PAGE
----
You've probably heard of the hoo-ha surrounding a middling review of the new Black Crowes album, Warpaint, in Maxim magazine. It's said, the tricky part of the deal is... No one from Maxim could possibly have heard the record as no review copies had been circulated.
An initial thought might be... But why stop at just not circulating review copies?
When Our Man Likenthrope offered to judge records by their cover, we did some testing. So we're not disinterested observers. Likenthrope was good, very good. He drank a few bottles of Newcastle and went outside for a smoke and he was still good when he returned. Most reviews, truthfully, were actually better before we listened to the records. See how well versed artists are at packaging their bullshit these days.
They'll leverage anything.
The Black Crowes are upset when they should be ecstatic. Maxim has nothing to apologize for, to the Crowes or their readers.
Well maybe their readers for a review that suggests pretty much, this
record could be half good. If anyone at Maxim had bothered to listen to the album before reviewing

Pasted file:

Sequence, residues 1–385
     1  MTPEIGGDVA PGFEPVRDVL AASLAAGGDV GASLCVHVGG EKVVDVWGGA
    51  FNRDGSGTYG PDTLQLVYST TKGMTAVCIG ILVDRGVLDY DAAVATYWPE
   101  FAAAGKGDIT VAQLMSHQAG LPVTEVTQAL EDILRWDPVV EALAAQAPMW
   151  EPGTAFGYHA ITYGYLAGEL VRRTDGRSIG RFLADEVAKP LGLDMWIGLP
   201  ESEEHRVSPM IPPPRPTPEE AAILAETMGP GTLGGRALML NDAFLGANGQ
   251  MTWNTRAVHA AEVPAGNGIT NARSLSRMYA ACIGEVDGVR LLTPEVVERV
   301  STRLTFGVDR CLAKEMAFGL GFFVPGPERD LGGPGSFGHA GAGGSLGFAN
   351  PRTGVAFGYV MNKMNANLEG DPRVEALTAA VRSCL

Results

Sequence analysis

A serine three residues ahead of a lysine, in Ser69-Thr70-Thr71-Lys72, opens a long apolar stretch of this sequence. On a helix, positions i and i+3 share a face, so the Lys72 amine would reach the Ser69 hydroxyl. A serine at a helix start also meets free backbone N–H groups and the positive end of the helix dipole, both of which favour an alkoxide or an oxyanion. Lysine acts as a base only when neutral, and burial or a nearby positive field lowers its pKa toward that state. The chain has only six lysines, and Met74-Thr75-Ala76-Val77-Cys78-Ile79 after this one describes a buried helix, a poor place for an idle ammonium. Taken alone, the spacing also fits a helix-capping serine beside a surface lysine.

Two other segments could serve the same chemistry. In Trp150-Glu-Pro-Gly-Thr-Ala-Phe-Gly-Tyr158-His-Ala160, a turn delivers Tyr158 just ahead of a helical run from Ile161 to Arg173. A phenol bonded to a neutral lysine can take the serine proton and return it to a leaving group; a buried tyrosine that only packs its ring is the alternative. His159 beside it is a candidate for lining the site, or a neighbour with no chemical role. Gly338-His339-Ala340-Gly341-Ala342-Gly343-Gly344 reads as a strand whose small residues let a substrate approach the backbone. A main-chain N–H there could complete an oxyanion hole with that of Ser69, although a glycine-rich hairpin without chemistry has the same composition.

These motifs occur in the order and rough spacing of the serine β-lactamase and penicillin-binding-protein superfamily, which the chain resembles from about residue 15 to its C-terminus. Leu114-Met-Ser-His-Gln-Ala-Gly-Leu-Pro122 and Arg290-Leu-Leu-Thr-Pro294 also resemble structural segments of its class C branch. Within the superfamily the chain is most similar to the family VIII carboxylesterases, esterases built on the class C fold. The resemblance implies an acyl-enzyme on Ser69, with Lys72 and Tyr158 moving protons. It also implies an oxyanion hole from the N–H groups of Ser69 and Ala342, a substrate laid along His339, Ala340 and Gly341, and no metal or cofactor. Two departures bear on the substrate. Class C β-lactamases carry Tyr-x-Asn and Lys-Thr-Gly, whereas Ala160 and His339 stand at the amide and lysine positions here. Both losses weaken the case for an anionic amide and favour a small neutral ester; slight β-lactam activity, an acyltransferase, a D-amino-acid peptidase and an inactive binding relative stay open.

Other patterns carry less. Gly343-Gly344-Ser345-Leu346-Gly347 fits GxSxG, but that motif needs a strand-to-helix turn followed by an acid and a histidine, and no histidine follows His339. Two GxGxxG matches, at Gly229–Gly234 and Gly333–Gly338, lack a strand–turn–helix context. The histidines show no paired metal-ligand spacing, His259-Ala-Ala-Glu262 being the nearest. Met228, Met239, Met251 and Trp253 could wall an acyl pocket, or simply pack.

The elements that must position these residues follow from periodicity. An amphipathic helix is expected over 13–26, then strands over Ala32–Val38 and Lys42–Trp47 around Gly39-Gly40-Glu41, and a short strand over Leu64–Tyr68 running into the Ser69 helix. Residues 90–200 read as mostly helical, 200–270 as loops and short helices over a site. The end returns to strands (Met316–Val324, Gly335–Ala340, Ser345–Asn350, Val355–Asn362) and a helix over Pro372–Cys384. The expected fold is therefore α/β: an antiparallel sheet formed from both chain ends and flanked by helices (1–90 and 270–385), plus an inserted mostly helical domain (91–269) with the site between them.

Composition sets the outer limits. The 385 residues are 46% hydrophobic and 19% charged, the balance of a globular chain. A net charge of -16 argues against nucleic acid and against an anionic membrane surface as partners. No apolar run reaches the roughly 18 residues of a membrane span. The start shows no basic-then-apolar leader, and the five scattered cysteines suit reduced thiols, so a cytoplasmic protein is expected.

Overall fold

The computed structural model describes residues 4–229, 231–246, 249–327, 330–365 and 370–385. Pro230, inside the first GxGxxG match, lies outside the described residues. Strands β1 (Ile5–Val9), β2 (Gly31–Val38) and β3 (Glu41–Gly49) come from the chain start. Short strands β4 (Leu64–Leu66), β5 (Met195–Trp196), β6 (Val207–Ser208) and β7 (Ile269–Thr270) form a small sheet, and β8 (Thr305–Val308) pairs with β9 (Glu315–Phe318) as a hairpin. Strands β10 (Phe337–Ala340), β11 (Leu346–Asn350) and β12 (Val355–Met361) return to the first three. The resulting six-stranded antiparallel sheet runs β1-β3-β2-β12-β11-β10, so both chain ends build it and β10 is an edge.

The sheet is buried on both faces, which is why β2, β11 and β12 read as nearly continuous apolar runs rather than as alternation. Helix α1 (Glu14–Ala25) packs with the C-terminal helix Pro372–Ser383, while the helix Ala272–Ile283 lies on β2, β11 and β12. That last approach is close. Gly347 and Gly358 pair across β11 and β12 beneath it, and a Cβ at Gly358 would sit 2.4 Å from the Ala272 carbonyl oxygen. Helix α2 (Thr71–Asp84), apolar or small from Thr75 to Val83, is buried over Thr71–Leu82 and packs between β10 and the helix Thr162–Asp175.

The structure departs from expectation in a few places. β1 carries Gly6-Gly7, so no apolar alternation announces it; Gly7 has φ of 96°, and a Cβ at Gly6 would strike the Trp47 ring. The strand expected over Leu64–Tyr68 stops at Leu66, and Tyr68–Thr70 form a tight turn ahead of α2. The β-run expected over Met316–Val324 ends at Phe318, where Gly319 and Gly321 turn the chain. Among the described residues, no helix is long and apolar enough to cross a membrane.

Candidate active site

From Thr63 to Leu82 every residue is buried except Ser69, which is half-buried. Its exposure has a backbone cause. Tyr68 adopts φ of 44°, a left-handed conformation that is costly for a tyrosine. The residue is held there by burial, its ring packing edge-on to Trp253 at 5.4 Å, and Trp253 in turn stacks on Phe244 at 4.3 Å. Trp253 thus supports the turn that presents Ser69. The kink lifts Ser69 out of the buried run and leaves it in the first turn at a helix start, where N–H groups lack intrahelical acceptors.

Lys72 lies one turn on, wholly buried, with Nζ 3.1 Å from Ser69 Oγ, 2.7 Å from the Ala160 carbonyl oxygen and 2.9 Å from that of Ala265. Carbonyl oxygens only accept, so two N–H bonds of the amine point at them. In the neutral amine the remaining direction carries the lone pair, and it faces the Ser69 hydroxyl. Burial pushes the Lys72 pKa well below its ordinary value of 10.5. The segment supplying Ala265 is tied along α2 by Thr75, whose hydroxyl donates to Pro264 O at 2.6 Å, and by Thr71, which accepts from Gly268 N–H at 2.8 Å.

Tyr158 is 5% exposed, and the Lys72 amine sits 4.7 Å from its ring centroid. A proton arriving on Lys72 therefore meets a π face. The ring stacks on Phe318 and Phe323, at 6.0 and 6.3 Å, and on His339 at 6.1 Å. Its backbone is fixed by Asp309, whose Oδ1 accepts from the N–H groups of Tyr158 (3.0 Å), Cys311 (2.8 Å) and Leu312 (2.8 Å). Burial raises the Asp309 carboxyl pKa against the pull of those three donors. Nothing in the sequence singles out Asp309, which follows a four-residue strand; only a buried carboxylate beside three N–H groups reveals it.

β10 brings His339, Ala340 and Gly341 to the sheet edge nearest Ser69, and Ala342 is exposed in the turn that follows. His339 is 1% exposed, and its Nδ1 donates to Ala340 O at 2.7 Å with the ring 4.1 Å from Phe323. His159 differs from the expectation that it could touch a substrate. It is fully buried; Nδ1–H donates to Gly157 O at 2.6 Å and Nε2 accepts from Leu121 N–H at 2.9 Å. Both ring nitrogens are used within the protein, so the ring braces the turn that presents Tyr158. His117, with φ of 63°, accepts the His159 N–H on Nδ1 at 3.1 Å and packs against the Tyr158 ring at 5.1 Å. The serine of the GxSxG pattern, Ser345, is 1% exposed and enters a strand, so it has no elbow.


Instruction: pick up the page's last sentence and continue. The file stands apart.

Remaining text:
it, no way would they have given it so many as two and a half stars out
of five. And of course no, I haven't heard it either. But I am oh so
sure that such generous indifference is way more than the Black Crowes have
ever deserved anyway even at their commercial peak when they could
still hoodwink movie star girls. Dim ones, for sure, but still. That is
not a disparaging review in the least. And I'll admit, no I haven't
Too encouraging, if anything.
The ongoing protestations from the bands' management is satire Harry Shearer would be proud of and he knows rocknroll satire. Pete Angelus sounds like he'll still be issuing press releases when the album filling up the returns stockroom at the Virgin megastore in a few months. I listened to half of 'Goodbye Daughters of the Revolution' which seems to be a pointlesssongaboutnothing underpinned by an admirable Stones pastiche. They may be Bobby Gillespie's dream band, but is this really the best they can do after seven years away?
One time I did venture to the Greek Theatre on a night when Oasis and the Black Crowes shared the bill. Oasis went on first. Excellent show. Liam Gallagher telegraphed his intentions as I recall by coming out with his towel on before the show began. He was headed for an early bath. In his head at least. The more dispicable part of the evening was the chaotic parking which meant we couldn't escape the insufferable Black Crowes, nor the weak air guitar riffing of their fans. Imagine it. Being trapped there like that. It felt like forever.
March sees a greatly expanded reissue of Elliott Smith's most critically acclaimed album Either/Or
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